COVID-19 and ILC Churches in Australia and New Zealand, Sweden, and the USA

LCA Bishop John Henderson records a Holy Week message.

CANADA – Member churches of the International Lutheran Council around the world are responding to the COVID-19 pandemic with practical and spiritual care.

Today we highlight the ministry of three member churches in Australia and New Zealand, in Sweden, and in the United States.

Australia and New Zealand

To date Australia has reported 6,645 cases of COVID-19 and 71 deaths, while New Zealand has reported 1,445 cases of COVID-19 and 13 deaths. Like many nations, both Australia and New Zealand have instituted numerous containment measures to curb the spread of the novel coronavirus, including border restrictions and a prohibition on gatherings. New Zealand instituted a nationwide lockdown on March 25.

Directions from governments have required the Lutheran Church of Australia (LCA), including the Lutheran Church of New Zealand (LCNZ), to suspend weekly worship services and public gatherings. On the local level, individual congregations are providing regular pastoral and spiritual care through recordings of Services of the Word, and care teams make regular phone contact with members.

“This enforced physical isolation seems to be increasing our hunger and drive for our church community,” notes LCA Bishop John Henderson in a letter to the church. “Maybe we are feeling just a little like the first believers in the early church, when they could not get enough of the Gospel.”

The LCA/NZ has published a dedicated COVID-19 Response webpage providing comprehensive information and support for the church, including links to government information and support. The site also has messages from the national bishop, regular news updates, devotional materials, pastoral guidance on matters related to sacramental practice, and Church@Home (a dedicated landing page providing resources to keep faith alive at home, connect with the community, and stay safe during this time of physical isolation). The LCA website and social media also includes additional devotional and prayer resources.

The LCA is further negotiating with community television stations in each state to show regular church services, including specific indigenous services for Aboriginal and Torres Strait Islander communities. Lutheran Media continues to share “Messages of Hope” across several radio networks in Australia and New Zealand.

In this time, Bishop Henderson says, “We experience a sense of loss, of sadness, and uncertainty. We can be tempted to clutch at straws and seek comfort elsewhere than trusting in God.” But, he stresses, we must take those cares and concerns to God. “I encourage each of us to take all that to the throne of grace, and let it land at the feet of our Saviour…. You are not alone. You help comes from the Lord, who made heaven and earth.”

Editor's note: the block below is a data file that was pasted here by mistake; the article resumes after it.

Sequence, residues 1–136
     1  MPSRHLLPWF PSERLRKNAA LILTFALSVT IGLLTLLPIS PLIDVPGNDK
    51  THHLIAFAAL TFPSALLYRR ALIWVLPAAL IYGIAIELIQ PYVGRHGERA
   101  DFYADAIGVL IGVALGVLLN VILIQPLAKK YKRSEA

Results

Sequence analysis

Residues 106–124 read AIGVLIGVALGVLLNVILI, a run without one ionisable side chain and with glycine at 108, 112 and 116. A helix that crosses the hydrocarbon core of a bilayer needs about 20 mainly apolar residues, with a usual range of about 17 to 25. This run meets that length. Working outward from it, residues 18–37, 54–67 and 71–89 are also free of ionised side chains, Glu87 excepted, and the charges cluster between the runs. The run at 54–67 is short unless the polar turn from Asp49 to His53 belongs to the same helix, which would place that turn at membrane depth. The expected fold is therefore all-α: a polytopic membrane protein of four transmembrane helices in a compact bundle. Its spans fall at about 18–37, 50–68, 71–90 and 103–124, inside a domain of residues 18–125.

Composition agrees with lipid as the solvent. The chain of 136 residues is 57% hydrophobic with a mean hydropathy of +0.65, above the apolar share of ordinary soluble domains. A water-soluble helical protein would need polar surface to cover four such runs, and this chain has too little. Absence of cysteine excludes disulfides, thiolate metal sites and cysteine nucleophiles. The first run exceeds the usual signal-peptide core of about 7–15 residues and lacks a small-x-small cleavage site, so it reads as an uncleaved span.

Sweden

Sweden has reported 15,322 cases of COVID-19, and 1,765 deaths. The country has closed schools and universities, banned visits to nursing homes, and limited public gatherings to fifty people or less.

Easter service broadcast live from the Mission Province’s Immanuel Parish in Göteborg, Sweden.

The Mission Province (Missionsprovinsen) in Sweden is offering pastoral care in the midst of the pandemic. “It has had a great impact on our daily lives,” says Bishop Bengt Ädahl. “Persons over the age of 70 are recommended not to come to church, and pastors over the age of 70 are recommended not to conduct services.”

Most, but not all, congregations are still holding services. Some congregations are broadcasting services online via social media and YouTube. Pastors are also providing pastoral care through home-visits, where they offer communion to those unable to attend church.

Bishop Ädahl has sent letters to clergy with recommendations about pastoral care as well as a prayer for use during the coronavirus outbreak. At the same time, the Mission Province is holding many of its board meetings by conference call and video-calls.

“It is important in this time that the Gospel of our risen Lord, Jesus Christ, is preached to people and that He is worshipped,” said Bishop Ädahl. “It is also important that church members pray at home, and read the Word of God and other good Christian literature. We encourage people to do this in their daily life.”

United States of America

The total number of reported cases of COVID-19 in the United States has risen to 794,347, with 43,115 deaths. Different states have different regulations in effect to slow the spread of the coronavirus, with many limiting the total number of people allowed to participate in public events while others have banned public events altogether.

LCMS President Matthew Harrison provides a word of comfort in the midst of the coronavirus pandemic.